BATON ROUGE, LA (WAFB) - Our Hand It On this week started out to be a fun story about a mother and daughter tag team that adopted kittens from Cat Haven in Baton Rouge.
Their adult cats had recently passed away quietly in their sleep of old age. They wanted new kittens as pets, so they went to Cat Haven.
But then their story turned extra special.
Once they spent some time at Cat Haven and adopted the newest members of their family, they were so touched by the sanctuary Cat Haven offers cats and kittens alike that the two wanted to become volunteers at Cat Haven. And, they did.
Kaylee Pellette and her mom, Vicki, originally started volunteering on weekends only. Then, that changed to several times per week. That was several years ago and they are more involved with Cat Haven now than ever.
But, when Kaylee first started volunteering, she was almost non-verbal.
"She'd just wave and say a soft, 'Hello,' then go play with the cats." Cindy Ray with Cat Haven said. "But, we quickly noticed she had a really unique bond with the kitties. She'd sit in a chair, all the cats would jump in her lap and over time, we started seeing her bring books, her school work. She's even brought an easel and does her math homework with the kitties. They just gravitate to Kaylee. They love every minute of it."
And, it didn't take long for the Cat Haven staff to begin noticing a change in Kaylee. She became more talkative. She began to interact with not only staff but potential adopting families as well. And why is this important?
"Kaylee has Apraxia of Speech, which is a speech disorder," her mom, Vicki, said. "She didn't talk until she was five years old. Her biggest challenge is following conversations. She knows what she wants to say, but it sometimes doesn't come out correctly or she doesn't have the exact word she needs."
"When she started volunteering at Cat Haven, she started talking to the cats. She noticed they would all line up and listen to her. And then, she began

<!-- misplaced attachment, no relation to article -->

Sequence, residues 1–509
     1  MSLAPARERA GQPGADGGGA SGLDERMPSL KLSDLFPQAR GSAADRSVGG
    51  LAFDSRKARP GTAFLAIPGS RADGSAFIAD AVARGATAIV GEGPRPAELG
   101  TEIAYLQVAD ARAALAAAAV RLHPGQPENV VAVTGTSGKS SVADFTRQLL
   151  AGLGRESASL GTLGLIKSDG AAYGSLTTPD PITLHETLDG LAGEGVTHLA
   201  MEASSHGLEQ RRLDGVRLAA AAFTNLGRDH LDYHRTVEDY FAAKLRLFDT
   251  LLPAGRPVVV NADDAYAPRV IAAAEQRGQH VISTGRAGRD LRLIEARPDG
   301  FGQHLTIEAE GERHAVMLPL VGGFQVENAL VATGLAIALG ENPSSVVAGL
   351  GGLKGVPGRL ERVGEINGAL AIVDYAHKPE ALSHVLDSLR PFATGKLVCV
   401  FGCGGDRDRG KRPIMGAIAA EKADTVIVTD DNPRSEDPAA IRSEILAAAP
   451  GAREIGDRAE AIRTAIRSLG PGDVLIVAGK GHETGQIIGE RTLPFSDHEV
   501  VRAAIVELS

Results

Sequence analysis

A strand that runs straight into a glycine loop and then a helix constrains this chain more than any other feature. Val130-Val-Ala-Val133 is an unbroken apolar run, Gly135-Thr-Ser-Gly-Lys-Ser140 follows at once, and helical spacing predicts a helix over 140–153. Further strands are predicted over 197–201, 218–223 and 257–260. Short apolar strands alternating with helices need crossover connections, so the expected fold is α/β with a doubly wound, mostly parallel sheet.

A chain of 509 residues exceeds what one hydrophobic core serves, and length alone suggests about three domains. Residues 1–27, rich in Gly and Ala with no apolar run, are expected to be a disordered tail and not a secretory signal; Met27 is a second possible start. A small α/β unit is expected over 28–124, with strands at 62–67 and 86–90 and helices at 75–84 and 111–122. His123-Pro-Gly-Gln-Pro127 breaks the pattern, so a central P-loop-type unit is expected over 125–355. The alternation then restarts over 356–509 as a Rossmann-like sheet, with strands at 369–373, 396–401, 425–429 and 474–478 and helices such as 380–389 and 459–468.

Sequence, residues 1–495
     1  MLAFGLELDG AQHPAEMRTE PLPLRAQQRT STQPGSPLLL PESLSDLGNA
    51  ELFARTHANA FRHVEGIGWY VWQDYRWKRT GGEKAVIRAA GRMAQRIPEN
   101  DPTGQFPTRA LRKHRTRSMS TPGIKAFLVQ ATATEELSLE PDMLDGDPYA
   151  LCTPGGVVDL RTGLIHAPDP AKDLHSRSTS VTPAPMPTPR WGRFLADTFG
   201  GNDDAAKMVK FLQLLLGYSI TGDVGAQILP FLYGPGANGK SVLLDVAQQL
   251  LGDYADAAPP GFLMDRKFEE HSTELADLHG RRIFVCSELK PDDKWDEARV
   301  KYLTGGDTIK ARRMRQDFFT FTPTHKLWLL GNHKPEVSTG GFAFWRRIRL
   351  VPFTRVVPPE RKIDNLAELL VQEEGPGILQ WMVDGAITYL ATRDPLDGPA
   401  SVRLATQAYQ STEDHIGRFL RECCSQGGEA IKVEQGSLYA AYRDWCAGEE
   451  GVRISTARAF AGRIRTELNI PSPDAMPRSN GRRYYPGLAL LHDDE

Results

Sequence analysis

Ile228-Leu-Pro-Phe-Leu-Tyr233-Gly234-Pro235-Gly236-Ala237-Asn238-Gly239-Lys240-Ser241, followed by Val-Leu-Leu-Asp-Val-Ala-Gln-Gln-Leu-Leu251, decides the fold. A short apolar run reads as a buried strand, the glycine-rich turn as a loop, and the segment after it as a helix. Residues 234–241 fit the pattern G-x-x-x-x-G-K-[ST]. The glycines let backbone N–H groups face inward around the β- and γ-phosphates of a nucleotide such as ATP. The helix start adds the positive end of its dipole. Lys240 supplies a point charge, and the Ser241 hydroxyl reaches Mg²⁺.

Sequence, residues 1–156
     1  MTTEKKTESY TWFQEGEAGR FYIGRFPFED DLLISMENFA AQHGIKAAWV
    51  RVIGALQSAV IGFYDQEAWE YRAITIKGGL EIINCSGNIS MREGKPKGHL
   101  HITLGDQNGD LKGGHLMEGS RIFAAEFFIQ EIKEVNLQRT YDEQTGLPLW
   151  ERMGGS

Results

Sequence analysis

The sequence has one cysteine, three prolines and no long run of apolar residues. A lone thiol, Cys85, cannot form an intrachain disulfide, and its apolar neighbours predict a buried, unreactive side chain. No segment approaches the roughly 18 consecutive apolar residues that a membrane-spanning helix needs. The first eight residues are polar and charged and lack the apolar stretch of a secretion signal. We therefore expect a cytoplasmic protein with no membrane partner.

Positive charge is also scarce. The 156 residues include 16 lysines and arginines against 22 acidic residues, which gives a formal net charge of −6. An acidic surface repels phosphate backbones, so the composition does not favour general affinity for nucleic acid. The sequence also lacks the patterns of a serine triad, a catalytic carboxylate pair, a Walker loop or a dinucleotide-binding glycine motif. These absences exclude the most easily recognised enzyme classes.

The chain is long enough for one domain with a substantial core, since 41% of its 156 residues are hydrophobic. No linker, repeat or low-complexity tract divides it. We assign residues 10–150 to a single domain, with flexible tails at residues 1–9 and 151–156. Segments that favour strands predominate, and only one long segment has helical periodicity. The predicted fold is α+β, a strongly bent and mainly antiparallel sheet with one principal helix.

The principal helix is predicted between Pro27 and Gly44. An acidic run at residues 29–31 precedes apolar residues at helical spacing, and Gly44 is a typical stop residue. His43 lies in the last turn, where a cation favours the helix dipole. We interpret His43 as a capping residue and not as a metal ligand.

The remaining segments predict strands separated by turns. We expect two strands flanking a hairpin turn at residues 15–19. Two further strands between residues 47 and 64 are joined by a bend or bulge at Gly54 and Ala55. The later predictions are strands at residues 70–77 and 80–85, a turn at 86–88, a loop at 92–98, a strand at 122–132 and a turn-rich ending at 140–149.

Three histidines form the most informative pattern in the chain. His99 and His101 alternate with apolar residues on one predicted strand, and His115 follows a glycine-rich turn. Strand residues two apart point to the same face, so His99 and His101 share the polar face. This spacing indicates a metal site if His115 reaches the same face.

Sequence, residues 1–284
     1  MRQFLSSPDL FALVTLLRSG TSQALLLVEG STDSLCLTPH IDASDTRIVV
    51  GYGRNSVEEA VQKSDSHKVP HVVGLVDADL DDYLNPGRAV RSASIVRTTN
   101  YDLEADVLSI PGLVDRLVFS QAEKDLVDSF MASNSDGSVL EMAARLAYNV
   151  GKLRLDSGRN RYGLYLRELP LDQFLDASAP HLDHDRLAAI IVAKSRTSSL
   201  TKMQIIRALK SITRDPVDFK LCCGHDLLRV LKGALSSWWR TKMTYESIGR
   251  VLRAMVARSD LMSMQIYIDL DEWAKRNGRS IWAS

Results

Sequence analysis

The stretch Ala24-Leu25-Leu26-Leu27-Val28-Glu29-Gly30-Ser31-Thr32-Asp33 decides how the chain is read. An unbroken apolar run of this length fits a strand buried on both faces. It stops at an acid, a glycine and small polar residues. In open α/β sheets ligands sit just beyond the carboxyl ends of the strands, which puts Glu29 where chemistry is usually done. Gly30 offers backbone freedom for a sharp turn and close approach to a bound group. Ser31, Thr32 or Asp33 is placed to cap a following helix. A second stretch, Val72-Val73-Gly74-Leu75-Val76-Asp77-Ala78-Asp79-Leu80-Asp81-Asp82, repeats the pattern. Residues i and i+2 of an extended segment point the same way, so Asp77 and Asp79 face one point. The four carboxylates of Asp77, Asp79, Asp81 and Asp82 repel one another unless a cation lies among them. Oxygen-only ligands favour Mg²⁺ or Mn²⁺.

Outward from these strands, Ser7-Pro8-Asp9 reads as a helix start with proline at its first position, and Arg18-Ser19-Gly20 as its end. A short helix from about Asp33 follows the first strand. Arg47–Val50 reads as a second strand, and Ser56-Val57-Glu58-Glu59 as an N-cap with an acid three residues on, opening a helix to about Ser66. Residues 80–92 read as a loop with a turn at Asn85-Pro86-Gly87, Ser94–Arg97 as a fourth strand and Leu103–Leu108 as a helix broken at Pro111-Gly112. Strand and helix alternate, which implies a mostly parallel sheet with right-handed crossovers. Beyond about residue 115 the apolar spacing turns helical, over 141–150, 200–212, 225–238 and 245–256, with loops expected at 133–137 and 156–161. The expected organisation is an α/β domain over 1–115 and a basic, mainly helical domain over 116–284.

reading books to the cats. And, largely because of this interaction, Kaylee's speech improved greatly. I like to think of it as free therapy," Vicki explained.
Candy Ray worked at Cat Haven when Kaylee began volunteering and remembers why Kaylee was so shy.
"She used to get picked on all the time; laughed at or made fun of because people just didn't know. She found a place of comfort here with the kitties cause these guys don't' laugh at her. They don't make fun of her. They're very excited to see her and so are we!" Candy added.
Candy saw Kaylee's transformation first-hand.
"Kaylee will come and sit in my office now and talk, talk, talk. She's invaluable to Cat Haven. She makes everybody smile and makes the cats happy. We even have some cats that we as staff labeled as unfriendly, super shy, scared. And, we'll walk by, peek in the room and see that scared little cat in Kaylee's lap!" Candy said with a smile.
Usually, volunteers nominate a charity for Hand It On. This week, the charity, Cat Haven, nominated a volunteer.
"So Kaylee, you know how much all of our cats and kittens love you?" Candy began as she interrupted Kaylee's story-time with the kittens. "So, I have a surprise. I nominated you for WAFB's Hand It On 'cause I wanted everybody else to know how awesome you are. Here's $300 to do whatever you want with it!" Candy added as she handed Kaylee three crisp, new $100 bills!
Kaylee's response was not what you'd expect from a 14-year-old who had just been given money.
"Thank you, but I want to give it to my favorite cat in room eight," Kaylee said.
And that's exactly what she did without hesitation. She gave the Hand It On money right back to her favorite home away from home, Cat Haven. This brought Candy to near tears.
"Give me a hug. Awe! Thank You!" Candy said.
Kaylee smiled, handed Candy the $300 back and resumed storytelling and book reading with 'her kittens.'